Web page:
Consumer cloud storage ever-present in the enterprise
The popularity of storage products such as Dropbox is infiltrating into enterprise as users go against company policy to utilise cloud-based storage.
According to a recent report from social business network Spiceworks, 33% of organisations said that their staff was using personal storage products.
The report, entitled ‘The Cloud Barometer’, aims to give insight into SMEs and their usage of cloud-based file sharing software. Spiceworks interviewed over 300 users across North America and the Europe, Middle East and Asia (EMEA) region.
The IT industry appears to have a mixed view on this acceleration, with 31% of companies surveyed agreeing that employees could use any provider they wished, yet 32% discouraged the behaviour.
Spiceworks noted that despite the accessibility, collaboration and convenience associated with cloud-based storage software, employers were still wary of the risks associated with file-sharing; evidently the type of data being shared and the usual bedbug, security.
Regarding specifics, employees seemed to prefer Dropbox for their storage – 87% of those surveyed used it; however, only 28% of vendors preferred Dropbox.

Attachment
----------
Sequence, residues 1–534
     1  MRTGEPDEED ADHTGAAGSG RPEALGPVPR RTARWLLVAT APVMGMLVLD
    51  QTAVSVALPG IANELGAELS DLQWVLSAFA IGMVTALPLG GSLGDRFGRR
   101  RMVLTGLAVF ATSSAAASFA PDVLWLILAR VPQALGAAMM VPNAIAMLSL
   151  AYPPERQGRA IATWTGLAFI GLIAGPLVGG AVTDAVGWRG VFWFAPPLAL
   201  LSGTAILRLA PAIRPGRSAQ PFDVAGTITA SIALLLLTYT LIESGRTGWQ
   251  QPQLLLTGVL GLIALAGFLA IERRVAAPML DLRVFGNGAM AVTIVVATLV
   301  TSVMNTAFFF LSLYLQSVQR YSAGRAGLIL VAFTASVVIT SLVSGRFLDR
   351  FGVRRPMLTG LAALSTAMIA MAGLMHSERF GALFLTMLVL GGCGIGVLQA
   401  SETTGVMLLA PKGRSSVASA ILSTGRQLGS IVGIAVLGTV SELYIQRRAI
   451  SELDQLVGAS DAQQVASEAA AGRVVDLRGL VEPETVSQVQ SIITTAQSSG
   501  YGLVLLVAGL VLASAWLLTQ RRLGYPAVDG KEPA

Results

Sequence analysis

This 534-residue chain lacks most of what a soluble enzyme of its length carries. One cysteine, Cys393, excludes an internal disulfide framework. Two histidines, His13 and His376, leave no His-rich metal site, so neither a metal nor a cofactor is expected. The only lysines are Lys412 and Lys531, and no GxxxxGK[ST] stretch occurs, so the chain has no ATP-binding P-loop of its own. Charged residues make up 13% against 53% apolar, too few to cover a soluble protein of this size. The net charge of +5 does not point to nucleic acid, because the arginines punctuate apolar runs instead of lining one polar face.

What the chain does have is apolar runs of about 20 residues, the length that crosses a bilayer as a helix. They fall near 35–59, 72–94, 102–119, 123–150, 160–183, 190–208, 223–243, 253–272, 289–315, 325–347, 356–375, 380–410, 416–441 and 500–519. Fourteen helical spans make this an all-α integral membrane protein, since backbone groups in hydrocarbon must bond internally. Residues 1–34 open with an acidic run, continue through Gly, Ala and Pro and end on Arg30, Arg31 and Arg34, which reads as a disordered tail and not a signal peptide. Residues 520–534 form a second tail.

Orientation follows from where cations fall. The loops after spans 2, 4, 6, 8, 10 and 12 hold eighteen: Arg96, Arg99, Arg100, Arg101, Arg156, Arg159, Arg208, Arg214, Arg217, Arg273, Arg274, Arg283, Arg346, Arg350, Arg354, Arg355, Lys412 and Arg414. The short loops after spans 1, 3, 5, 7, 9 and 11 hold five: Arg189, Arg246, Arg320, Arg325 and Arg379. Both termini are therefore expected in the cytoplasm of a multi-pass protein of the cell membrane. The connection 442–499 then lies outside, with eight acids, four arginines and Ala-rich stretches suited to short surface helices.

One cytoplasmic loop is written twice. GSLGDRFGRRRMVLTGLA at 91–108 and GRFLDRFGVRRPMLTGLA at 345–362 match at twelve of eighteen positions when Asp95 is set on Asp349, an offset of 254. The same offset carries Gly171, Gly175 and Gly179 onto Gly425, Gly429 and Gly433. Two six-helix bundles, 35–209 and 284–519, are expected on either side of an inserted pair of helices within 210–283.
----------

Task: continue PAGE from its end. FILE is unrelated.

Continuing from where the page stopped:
“Vendors need to find the right solution that addresses companies’ concerns around security, compliance and reliability while giving them what they want: complete accessibility, collaboration and low cost,” the report said.
Elsewhere, cloud-based email services are gaining but still lack behind on-premise, according to Spiceworks. From the response of 262 IT specialists, 52% use on-premise email, 42% go hosted while the remainder plans to move to a hosted solution within six months.
Predictably, reliability is the biggest draw for any email service provider, and of course the cloud hasn’t had the best run in that department of late.
24/7 uptime is agreed as the primary consideration for three quarters of respondents, with security meeting company standards (46%) and cost per user (40%) completing the top three.
Yet it’s not all been good news.
Dropbox put the blame on a recent security leak on an unnamed employee who reused his or her Dropbox password to a third party website which was later hacked into.
According to a Dropbox blog post, security is being ramped up with two-way authentication and automated mechanisms to spot suspicious activity in the pipeline.
“Our investigation found that usernames and passwords recently stolen from other websites were used to sign into a small number of Dropbox accounts,” wrote Aditya Agarwal.
The Spiceworks report concludes: “Cloud-based applications such as file sharing, email and productivity suites are proving tremendously adept at producing the tangible results desired by business, particularly by small to medium businesses and midmarket companies”.
But what do you think? Is this research more proof of the proliferation of the cloud?
- » Five ways VMware’s vCloud hybrid service takes your data centre to the cloud
- » Lost in mobility: How location, opportunity, skills and time changed IT
- » Gartner predicts CRM will be a $36bn market by 2017
- » 85% of SMEs struggle with cost of backing up virtual servers, says report
- » A guide for floating down the Amazon